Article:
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Congressman Gene Green

Representing the 29th District of Texas

Reps. Green, Boustany Lead Meeting with Director Bromwich

November 29, 2010
Press Release
Washington, D.C. – Rep. Gene Green (D-TX) and Rep. Charles Boustany (R-LA) today met with Bureau of Ocean Energy Management, Regulation and Enforcement (BOEMRE) Director Michael Bromwich to discuss ongoing issues with the BOEMRE issuing new well permits in the Gulf of Mexico. The Administration has officially lifted a moratorium on issuing new offshore drilling permits; however a de facto moratorium remains. In the 7 months since the Deepwater Horizon oil spill disaster, a total of 18 shallow water permits and 1 deepwater drilling permit have been issued. Prior to the spill, permits were issued at a rate of 10-15 a week.
 
“Domestic energy production is vital to countless livelihoods in my district, across the State of Texas, and throughout states along the Gulf of Mexico,” said Rep. Green. “Thousands of families depend on this industry and continue to suffer from the effects of an economic recession and now a continuing de facto moratorium. It is the duty and responsibility of BOEMRE to honor the end of the Administration’s moratorium and see that these permits are issued in a timely manner.”
 
Reps. Green and Boustany previously led a bipartisan letter to Department of Interior Secretary Kenneth Salazar with 54 of their colleagues when the Administration originally applied a moratorium to offshore drilling permits. The letter expressed support for the investigation of the Macondo well, while also voicing concern over the effects of a unilateral drilling moratorium on offshore oil and gas development. The Congressmen also led a letter with 37 colleagues to Secretary Salazar addressing the slow rate of shallow water well permits after the formal lifting of the moratorium.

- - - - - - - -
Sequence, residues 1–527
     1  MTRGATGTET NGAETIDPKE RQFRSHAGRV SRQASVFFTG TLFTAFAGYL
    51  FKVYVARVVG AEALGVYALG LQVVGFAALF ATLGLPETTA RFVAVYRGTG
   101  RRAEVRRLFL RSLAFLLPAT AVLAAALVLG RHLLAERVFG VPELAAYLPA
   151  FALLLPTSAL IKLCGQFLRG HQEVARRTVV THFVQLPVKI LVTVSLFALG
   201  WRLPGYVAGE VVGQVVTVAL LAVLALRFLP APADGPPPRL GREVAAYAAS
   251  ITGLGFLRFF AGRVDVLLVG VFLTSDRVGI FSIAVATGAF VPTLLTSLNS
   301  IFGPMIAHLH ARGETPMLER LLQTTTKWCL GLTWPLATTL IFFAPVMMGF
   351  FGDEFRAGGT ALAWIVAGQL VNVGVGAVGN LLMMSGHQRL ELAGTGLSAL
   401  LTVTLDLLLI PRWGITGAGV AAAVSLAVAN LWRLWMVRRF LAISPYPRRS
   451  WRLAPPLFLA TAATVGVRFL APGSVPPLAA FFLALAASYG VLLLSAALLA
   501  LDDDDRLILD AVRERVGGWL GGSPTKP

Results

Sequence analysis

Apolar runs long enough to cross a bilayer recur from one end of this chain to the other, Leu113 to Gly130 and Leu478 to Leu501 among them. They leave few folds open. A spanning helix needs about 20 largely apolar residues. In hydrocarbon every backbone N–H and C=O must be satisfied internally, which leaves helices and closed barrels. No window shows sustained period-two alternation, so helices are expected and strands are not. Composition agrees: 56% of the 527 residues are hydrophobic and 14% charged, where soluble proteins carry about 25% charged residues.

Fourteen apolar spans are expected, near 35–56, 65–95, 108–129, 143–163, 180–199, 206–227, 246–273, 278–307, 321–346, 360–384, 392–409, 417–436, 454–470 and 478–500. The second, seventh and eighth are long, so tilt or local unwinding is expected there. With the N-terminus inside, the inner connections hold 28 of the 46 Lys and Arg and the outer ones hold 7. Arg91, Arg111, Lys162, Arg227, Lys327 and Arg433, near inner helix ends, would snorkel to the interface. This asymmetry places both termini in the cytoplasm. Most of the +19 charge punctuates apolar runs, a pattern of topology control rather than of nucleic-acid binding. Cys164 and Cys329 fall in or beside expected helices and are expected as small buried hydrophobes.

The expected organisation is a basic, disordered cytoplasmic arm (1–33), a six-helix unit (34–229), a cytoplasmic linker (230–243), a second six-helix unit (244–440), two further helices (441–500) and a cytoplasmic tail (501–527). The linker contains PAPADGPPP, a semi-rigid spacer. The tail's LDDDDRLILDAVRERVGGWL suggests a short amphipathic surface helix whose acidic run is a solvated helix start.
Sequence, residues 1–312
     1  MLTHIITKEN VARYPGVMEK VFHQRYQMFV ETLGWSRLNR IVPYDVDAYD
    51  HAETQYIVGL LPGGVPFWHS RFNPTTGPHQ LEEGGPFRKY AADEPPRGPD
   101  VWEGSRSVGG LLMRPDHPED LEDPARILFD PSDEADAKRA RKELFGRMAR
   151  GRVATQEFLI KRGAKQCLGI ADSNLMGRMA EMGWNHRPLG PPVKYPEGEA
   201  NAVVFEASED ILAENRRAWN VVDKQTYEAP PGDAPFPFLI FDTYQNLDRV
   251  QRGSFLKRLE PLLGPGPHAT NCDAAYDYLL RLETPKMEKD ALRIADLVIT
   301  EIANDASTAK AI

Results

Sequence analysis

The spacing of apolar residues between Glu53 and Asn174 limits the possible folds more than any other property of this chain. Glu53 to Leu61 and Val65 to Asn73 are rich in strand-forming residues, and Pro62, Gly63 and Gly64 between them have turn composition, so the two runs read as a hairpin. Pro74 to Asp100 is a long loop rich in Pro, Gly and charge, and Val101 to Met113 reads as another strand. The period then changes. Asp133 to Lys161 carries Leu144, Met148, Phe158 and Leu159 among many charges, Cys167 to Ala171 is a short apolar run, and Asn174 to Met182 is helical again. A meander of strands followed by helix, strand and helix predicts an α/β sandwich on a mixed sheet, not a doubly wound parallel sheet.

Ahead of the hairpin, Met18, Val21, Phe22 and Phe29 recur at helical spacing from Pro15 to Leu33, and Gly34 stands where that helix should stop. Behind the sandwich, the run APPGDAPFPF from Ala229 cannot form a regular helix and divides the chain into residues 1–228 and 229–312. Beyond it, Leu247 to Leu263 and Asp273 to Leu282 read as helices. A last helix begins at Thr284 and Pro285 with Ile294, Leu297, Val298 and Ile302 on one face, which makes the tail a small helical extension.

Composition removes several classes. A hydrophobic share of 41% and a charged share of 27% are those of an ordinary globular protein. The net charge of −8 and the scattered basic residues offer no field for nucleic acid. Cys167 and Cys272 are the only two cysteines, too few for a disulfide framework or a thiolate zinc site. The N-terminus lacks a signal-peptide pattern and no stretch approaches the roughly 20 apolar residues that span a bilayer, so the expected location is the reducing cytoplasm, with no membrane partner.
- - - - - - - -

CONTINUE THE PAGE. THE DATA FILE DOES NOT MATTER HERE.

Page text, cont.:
“This administration continues to stall on this issue,” Rep. Boustany said. “American energy producers remain committed to safety, but have still not received clear guidelines on the new regulations. Additionally, regional and local administration officials and inspectors are still unable to get answers from Secretary Salazar or Director Bromwich on these rules. This lack of communication continues to adversely affect energy production along the Gulf Coast, and keeps hard working men and women from resuming their jobs.”
 
Also invited to the meeting were members of the Texas, Louisiana, Mississippi, Arkansas, and Oklahoma delegations. The Members were encouraged to share their own concerns with Director Bromwich on the slow pace of offshore drilling permitting.
 
"The moratorium may be over, but energy workers are still waiting to get back on the job," said Rep. Kevin Brady (R-TX). "How many families or businesses can survive for several months with no income coming in? If this administration can fast track wind permits, they can do the same for Gulf coast energy industry that's been forced to a standstill by their policies."
 
In June, Reps. Brady and Green led a letter with 22 colleagues to Secretary Salazar outlining an interim solution in place of a permit moratorium. It proposed allowing low-risk development and appraisal wells to be produced while the Department of Interior continued its assessment on deepwater exploratory wells.
 
Members of Congress present for the meeting were Reps. Gene Green, Charles Boustany, Kevin Brady, Steve Scalise, Dan Boren, Charlie Gonzalez, Rodney Alexander, Bill Cassidy, Pete Olson, Sheila Jackson Lee, Al Green, and Harry Teague.
 
 
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